Pas Caart van Brazil en Nieu-Nederland van corvo en Flores tot de Barbados.
17 x 21.5 in (43.18 x 54.61 cm)
1 : 14000000
A fascinating and extremely rare 1668 nautical chart or maritime map depicting the northern Atlantic Ocean by Hendrick Doncker. Oriented with the East, this map covers from Newfoundland south to modern day Paraiba, Brazil; east as far as the Azores and Cape Verde Islands; and west as far as Hispaniola. Doncker derived this map from similar map issued in 1650 by Theunis Jacobsz.
Although the usual projection, blank at the center with the eastern parts of North American and Brazil defined by the distant Azores and Cape Verde Islands, might seem bizarre to the modern eye, this was in fact a well-considered. Jacobsz drew this based upon Blaeu's monumental 1630 West Indische Paskaert. His intention was to present the most important information on Blaeu's great map in easily accessible form. This this map focuses on those areas most interesting to the 17th century Dutchman, the Dutch VOC colonies in Nieu-Nederland (New Amsterdam / New York City) and in Brazil (where the VOC was faring poorly in a war with Portugal over domination of the valuable sugar trade). The Canary Islands and the Azores have no doubt been included as the map's eastern most coverage because they are the traditional gateways to Europe. The Spanish controlled territories to the west, in Mexico, the Caribbean, and the Gulf of Mexico, were of little comparative interest.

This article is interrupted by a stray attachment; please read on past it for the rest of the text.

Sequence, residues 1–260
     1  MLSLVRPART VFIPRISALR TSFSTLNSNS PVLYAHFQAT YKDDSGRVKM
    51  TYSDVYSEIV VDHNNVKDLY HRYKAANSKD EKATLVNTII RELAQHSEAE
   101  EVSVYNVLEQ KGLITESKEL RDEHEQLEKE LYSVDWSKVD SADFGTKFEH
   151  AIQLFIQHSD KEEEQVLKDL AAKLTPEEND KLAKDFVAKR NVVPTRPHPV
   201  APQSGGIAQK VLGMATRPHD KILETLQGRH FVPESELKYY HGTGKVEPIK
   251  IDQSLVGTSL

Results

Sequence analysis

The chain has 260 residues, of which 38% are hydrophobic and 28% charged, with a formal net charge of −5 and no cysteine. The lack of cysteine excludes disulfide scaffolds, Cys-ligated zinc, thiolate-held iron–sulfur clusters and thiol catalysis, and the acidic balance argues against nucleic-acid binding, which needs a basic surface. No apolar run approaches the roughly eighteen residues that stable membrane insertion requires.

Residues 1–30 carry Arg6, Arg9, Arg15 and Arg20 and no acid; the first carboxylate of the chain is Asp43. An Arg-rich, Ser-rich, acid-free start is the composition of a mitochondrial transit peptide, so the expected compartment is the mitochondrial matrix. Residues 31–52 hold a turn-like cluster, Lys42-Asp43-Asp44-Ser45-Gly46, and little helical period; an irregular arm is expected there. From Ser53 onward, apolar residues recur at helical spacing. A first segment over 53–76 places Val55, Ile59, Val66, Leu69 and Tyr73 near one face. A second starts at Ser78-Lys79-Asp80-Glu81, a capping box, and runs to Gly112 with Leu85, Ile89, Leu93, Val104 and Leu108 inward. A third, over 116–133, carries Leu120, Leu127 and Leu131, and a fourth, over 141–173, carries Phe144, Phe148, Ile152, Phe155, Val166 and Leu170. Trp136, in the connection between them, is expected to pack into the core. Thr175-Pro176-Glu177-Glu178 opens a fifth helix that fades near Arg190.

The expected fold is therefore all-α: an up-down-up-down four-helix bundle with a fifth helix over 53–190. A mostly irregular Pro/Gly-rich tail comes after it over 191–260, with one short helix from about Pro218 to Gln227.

While Doncker draws on Jacobsz for this map's basic form, it is by no means a slavish copy. The map has been updated throughout with more advanced toponymy (for example 'Gebroken Lant' is introduced for Long Island) and an updated presentation of the inland waterways, particularly the St. Lawrence and Amazon Rivers. Shading has also been added to illustrate offshore shoals and reefs. In New York and New England, New Amsterdam is named and the Hudson River appears as Maritius River. Sandy Hook, Cape May (Delaware Bay Entrance), and Cape Cod are easily recognizable.
According to Burden, Doncker first issued this map in 1659 with a different cartouche. A second edition was issued in 1672, and a third in 1676. Following Burden's cartobibliography, this would suggest that the present map is the second, 1672 state. However, we happen to know that this particular example came from an unrecorded 1668 French edition of Doncker's Monde Aquatique not traced in Koeman. While it is not impossible that this map may have been tipped into the atlas later, we find it more likely that either Burden's dating of this state of the map requires revision or that this map be a heretofore unknown state. The extreme rarity of all editions of this map in both institutional and private collections make it very difficult to compare states side by side to determine if this is just an early appearance of Burden state 2, or a fully unrecorded state.
Hendrick Doncker (1626 - 1699) (a.k.a. Henri Donker) was a Dutch bookseller and publisher of sea charts and nautical atlases active in Amsterdam during the middle part of the 17th century. He maintained a presence on Nieuwe Brugsteeg, Amsterdam. He married Elizabeth Abrahamsd Rensing in 1647. Doncker was somewhat unique to this period in that he did not copy the work of earlier cartographers, instead producing his own map. Moreover, Doncker's charts were widely admired for their constant revision and overall accuracy. In addition to producing his own charts, he also collaborated with Pieter Goos and Anthonie Jacobsz to producing the pilot guide De Zeespiegel. Following his 1699 death, Doncker's remaining stock and valuable map plates were acquired by Johannes van Keulen. He was survived by a daughter, Anna Doncker. Learn More...
Doncker, Hendrick, L'Atlas de Mer ou Monde Aquatique (Amsterdam) 1668.
Very good. Minor verso reinforcement near centerfold at margins.
Burden, Phillip D., The Mapping of North America: A List of Printed Maps, 1511-1670, #338, state 2.